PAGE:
Labeling is something that many people do, but few think much about the impact it has on their feelings. Labeling occurs when a negative term is applied to another person when that person does something negative to someone else. For example, if you are sitting in your car and someone pulls out in front of you and speeds away, you might think to yourself, “That person is mean for doing that,” or “that person is hateful.” By thinking that the person who cut you off in traffic is mean and/or hateful is ascribing a “label” on that person without knowing the facts of why that person behaved the way they did. In other words, Labeling is just another way of jumping to conclusions, as was explained in the last post. Labeling is dangerous because sticking a negative term or trait onto another person can cause angry and hostile feelings toward that person, which are not thoughts or feelings a Christian is supposed to have.
Christians are supposed to always seek the good in everyone. Paul wrote in Philippians 4:8, “Finally, brethren, whatsoever things are true, whatsoever things are honest, whatsoever things are just, whatsoever things are pure, whatsoever things are lovely, whatsoever things are of good report; if there be any virtue, and if there be any praise, think on these things.” By ascribing negative labels onto other people, we diminish their value in our minds, and make it easier to forget that no matter what someone does, we should love them. We can disagree with people’s choices and beliefs, but we should always treat them with love. If Christians resort to treating others like some others treat Christians, then the world would be a sad place to live in! “Seeing ye have purified your souls in obeying the truth through the Spirit unto unfeigned love of the brethren, see that ye love one another with a pure heart fervently:” (1 Peter 1:22).
I saw a lot of “labeling” among my teenage clients. When I graduated from school and went onto graduate college and so forth, I forgot how the high school social network consists of many, many labels. Most children fall into one or more social categories. For example, when I was in high school, you had the “popular” kids, the “athletes, “ the “gothic” kids, and so forth. It makes things less complicated to attach a label to something, and we learn this habit very young. I remember one of my teen clients talk about having a crush on another teen who he thought was “too good” for him. He thought this because she was “popular,” and he was not. I asked him why he thought that the girl would not like him just because he wasn’t popular. He said that she “would think I’m not good enough for her.” This is a form of labeling in that my client believed that the girl he liked would not like him back solely because she had the label “popular” attached to her. I encouraged him to attempt to be friendly toward this girl and see if she responds in a nice way. He came back for another session and told me that he had made contact with the girl he liked, and she seemed to be friendly. I encouraged him to continue to talk to her and not focus on the “popular” label that he and his classmates had given her. I told him that people are much more than the labels (whether negative or positive) that are ascribed to them. I hope that this client learned that every person is different, and you cannot group all people together and expect them to all act the same.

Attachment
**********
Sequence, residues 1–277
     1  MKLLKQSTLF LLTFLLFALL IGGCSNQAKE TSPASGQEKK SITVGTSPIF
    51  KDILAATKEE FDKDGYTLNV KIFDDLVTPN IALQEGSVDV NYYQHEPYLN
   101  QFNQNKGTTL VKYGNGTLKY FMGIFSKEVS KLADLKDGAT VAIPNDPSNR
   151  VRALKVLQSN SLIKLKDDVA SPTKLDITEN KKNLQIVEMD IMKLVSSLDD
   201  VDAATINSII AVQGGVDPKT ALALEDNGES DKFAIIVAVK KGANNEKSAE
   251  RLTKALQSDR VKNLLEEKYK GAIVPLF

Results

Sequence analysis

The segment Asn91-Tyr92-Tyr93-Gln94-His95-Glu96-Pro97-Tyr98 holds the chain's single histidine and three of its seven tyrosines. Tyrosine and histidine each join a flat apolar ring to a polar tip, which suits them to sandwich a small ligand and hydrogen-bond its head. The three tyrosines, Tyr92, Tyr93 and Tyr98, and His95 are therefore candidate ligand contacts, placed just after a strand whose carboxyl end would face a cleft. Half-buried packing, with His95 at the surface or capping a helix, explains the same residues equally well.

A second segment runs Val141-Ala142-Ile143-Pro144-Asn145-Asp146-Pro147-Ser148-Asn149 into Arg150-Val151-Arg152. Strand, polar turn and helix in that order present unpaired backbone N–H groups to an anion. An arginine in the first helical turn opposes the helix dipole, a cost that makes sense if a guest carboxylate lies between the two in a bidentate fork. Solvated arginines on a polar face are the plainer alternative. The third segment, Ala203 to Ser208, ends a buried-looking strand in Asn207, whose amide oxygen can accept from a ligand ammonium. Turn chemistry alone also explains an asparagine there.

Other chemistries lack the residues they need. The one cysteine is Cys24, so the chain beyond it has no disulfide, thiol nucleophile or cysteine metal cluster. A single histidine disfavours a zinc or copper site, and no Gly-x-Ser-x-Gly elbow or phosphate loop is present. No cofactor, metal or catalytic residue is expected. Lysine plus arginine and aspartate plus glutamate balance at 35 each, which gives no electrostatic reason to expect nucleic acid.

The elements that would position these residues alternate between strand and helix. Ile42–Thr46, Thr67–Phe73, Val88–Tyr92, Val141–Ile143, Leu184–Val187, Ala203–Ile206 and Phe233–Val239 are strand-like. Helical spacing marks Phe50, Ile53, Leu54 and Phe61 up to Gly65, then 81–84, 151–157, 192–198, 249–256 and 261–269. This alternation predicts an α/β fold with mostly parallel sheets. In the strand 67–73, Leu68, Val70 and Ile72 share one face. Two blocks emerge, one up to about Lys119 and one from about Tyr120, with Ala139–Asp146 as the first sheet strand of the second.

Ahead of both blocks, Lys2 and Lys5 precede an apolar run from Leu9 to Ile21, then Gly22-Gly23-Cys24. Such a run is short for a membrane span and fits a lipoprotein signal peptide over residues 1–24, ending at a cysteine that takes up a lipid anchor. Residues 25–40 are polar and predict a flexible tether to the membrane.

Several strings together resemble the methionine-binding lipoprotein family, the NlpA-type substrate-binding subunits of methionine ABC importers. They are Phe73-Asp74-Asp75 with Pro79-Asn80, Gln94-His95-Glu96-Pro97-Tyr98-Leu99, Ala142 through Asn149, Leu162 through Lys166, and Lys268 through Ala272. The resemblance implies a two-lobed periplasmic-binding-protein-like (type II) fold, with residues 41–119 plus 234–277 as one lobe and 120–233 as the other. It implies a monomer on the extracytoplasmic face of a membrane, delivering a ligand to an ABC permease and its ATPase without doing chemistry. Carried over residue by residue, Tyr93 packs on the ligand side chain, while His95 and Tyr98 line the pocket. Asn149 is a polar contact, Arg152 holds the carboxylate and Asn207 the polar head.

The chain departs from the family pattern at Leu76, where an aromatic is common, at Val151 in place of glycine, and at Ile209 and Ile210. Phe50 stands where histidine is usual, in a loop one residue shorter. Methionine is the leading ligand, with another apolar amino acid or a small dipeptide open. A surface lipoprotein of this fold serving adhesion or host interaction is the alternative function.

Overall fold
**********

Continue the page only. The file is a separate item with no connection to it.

Not all labels are negative and some labels are made with a full understanding of who a person is. The labels I mentioned above were made without fully knowing a person. Labels can also be ascribed to a person, and it would be the truth. The Bible uses labels to describe good and evil. Ascribing a label onto someone after knowing them is understandable, but we should always love that person no matter what. For example, if a person continually mistreats others, he or she can be labeled as “mean” or “unkind,” and it would be true. We should love a person who is truly “mean,” but not agree with his or her actions. Labels become a problem when they are pinned on a person without knowing them or if it causes that person to be mistreated or ignored.
Labeling can also occur in the church. This is often the case with erring members. Members who have attended church in the past, but either no longer attend or attend infrequently are often categorized as an erring member. Now, this is not a negative label because it is true that a person who forsakes the assembly is not a faithful Christian by any means. My concern however, is that once a person is considered an “erring member,” some leaders of the church fail to make sufficient attempts to bring this lost sheep back to the fold. Sometimes, faithful Christians let erring members fall through the cracks and do not try to encourage them to attend services again. In this case, labeling can be a problem in the church. It is always good for Christians to call, send cards or visit those who have forsaken the assembly. Treat them as you would a person who is physically sick, because they are spiritually sick. As Matthew 18, verses 15-17 state: “Moreover if thy brother shall trespass against thee, go and tell him his fault between thee and him alone: if he shall hear thee, thou hast gained thy brother. But if he will not hear [thee, then] take with thee one or two more, that in the mouth of two or three witnesses every word may be established. And if he shall neglect to hear them, tell [it] unto the church: but if he neglect to hear the church, let him be unto thee as an heathen man and a publican.”
In conclusion, giving labels to others can be dangerous because it can cause Christians to “write off” people into certain categories that may not actually be true to their character. Every person was created by God, and every person is unique. We should try to get to know others as individuals rather than as what we think they should be.